In the context of this blog, the 40 hours per week neither stand for the minimum hours of sleep required for the well-being of an individual nor do they reflect the time required for maintaining a good personal life. In client-end consulting, 40 hours stand for the number of hours the consultants are billed on a weekly basis.
Arguably, one of the most debated topic among consulting community is the vast difference in the hourly-billed rates the organizations charge their clients vis-à-vis the actual rate they pay their consultants. Though the current blog has little to offer in this subject, before building an educated opinion, I feel, due regard has to be given to below things:
- The consulting organization spends a great-deal of its money and effort in terms of investing in sales teams, convincing clients through their brand promise, building consistent track-record etc. which, together, go a long way in bagging multi-million dollar consulting projects. This painstaking process brings many challenging-yet-lucrative assignments to consultants in a manner similar to things being readily served on a platter.
- Also, consultants, by choosing to work for a firm will have the advantage/option of focusing on their core skill and leaving the rest (like chasing new accounts, managing client relationships, answering to proposals etc.) to other appointed wings of organization.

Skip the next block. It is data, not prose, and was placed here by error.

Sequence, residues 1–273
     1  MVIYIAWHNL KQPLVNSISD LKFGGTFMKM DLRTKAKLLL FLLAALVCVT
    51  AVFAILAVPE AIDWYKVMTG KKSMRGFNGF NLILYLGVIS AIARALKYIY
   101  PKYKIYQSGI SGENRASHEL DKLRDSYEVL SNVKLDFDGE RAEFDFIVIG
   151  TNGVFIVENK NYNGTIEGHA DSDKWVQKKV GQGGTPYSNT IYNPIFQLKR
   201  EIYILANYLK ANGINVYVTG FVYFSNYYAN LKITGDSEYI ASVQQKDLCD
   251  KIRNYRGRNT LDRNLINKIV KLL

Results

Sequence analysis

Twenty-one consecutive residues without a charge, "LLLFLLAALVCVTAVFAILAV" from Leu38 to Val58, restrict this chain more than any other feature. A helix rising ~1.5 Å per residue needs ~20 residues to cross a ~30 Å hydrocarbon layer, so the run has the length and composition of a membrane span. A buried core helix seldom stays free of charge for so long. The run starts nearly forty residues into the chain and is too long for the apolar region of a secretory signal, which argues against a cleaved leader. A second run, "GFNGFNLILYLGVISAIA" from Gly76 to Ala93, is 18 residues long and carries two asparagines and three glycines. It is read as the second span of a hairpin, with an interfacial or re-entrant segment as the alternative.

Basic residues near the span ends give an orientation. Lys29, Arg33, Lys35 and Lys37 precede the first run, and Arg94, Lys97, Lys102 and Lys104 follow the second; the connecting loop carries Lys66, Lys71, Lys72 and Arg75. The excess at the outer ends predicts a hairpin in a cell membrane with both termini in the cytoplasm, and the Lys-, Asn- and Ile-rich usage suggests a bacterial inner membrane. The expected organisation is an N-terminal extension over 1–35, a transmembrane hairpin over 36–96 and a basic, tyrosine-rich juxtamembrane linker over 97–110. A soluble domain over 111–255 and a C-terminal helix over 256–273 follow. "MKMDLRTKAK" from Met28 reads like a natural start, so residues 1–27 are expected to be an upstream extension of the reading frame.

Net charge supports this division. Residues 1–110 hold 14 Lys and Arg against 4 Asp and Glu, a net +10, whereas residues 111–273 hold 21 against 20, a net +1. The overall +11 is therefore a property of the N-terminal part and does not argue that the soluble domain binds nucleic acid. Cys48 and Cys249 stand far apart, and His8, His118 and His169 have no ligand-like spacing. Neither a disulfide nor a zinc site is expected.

So, keeping the above points in contention, how much share of the actual profit the firm deserves is a thing I leave it to individual judgment.
Going back to the original topic i.e. billed hours, irrespective of whoever gets the bulk of it (consultant or firm), clients across industries pay a fortune for deliveries requiring high-end ERP consulting services. Obviously, at the ground level of execution, it is the consultants who are instrumental in ably catering to various support/implementation/other-unique requirements.
So, beyond any doubt, clients often try to measure value of their investments in the work delivered to them through consultants. This leaves us, consultants, with one question to grapple with: